[SATLUG] What All Systems has to say about Linux

jaret jaret at aberlorn.com
Thu Jan 17 10:45:59 CST 2008


Chris Lemire wrote:
> Recently my friend has been getting frustrated by the problems with Windows and all the spamming and advertising going on with it such as his software for printing trying to sell him ink, etc. I suggested that he use Linux and get all of his software for free without very small risks of viruses and similar software. Also, I'm wondering when the next install fest is, so that someone could help him get started if needed. Here's what he told me about All Systems. Could anyone comment on this or verify whether it is true or false?
>
> "  I'm still a little wary about Linux. I was talking to a guy at All Systems
> go about this and he said Linux does nothing for you; you have to do it all
> yourself. No windows oriented software will work for you and all the
> programs you are now using my have to be trashed.??
> Since mostly what I do is read and write email and search the web this may
> not be too bad, but then come
> having to handle picture files, playing the hundreds of tunes I download,
> hook up to my peripheral devices such a printers, scanners and fax.
> It might be a major bitch to have to re-orient all that stuff,  I JUST DON'T
> KNOW"
>        
> ---------------------------------
> Looking for last minute shopping deals?  Find them fast with Yahoo! Search.
>   
An install fest was mentioned for Jan 26. Is there any given checklist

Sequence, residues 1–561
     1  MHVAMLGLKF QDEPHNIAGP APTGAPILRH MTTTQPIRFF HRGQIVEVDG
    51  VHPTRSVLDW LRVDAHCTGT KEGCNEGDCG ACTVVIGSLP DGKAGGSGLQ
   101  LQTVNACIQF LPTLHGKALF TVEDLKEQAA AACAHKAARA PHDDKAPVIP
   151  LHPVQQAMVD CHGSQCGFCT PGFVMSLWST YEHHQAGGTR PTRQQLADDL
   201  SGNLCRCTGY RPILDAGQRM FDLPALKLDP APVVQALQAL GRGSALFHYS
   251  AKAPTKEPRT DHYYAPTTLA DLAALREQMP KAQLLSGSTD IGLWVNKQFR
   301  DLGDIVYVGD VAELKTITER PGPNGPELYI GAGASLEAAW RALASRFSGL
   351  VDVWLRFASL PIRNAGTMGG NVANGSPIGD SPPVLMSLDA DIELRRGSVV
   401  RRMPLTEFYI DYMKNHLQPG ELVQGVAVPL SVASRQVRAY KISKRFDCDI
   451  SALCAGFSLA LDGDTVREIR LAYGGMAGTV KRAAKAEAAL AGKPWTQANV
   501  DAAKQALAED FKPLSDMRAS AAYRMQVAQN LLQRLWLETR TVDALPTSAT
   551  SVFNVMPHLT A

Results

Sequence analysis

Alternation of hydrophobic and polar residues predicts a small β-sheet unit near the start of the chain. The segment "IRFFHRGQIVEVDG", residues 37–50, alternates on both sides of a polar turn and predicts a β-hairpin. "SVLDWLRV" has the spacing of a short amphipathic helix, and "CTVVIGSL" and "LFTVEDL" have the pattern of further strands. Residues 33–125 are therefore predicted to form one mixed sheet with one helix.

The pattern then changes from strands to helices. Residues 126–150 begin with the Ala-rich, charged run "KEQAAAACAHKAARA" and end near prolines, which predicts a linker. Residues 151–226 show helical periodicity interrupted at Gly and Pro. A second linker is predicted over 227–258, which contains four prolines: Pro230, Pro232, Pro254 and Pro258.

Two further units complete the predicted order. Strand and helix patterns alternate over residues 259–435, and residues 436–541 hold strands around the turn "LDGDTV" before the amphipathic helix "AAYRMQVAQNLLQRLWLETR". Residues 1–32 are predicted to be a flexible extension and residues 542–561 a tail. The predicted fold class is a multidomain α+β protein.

to help newcomers to Linux at an install fest?  I've never been to one, 
but my checklist may look like the following and it uses the scenario 
described in this subject thread....

If I were your friend, I'd go to the install fest and ask for help with 
a Linux dual-boot. A dual-boot will allow your friend to continue to use 
Windows but also get to know Linux and build up confidence. Be sure to 
back up important files (just in case). If I was your friend, this is 
what I'd do:

(1) Make a list of what you need to use the computer for. (e.g. games, 
accounting, surfing, email, other...)
(2) Back up computer files to an external USB hard drive. Prices have 
come down. ( www.newegg.com )  Take the external USB to the install fest.
(3) Take your Windows Install CDs to the install fest. (or other 
software you find important - just in case you need to restore)
(4) Take your computer to the install fest.
(5) At the install fest, ask for help on installing Linux for a 
dual-booting. Before starting, ask if it's possible to make an image of 
your computer's current partition + boot sectors. You should be able to 
save that image on the external USB. Guessing it'll take 30 minutes or 
so. Live cds such as systemrescuecd or trinity should work.
(6) Also before starting, let the Linux assistant know if you may want 
to set up an email client (e.g. Thunderbird) that can share the same 
email files (whether in Linux or Windows). That may require modification 
to the partition tables.
(7) Show the Linux assistant your list of things you want to do w/ the 
computer.
(8) Install Linux w/ relevant packages. Dual-boot mode will allow your 
friend to play w/ Linux to see if he likes it or not.



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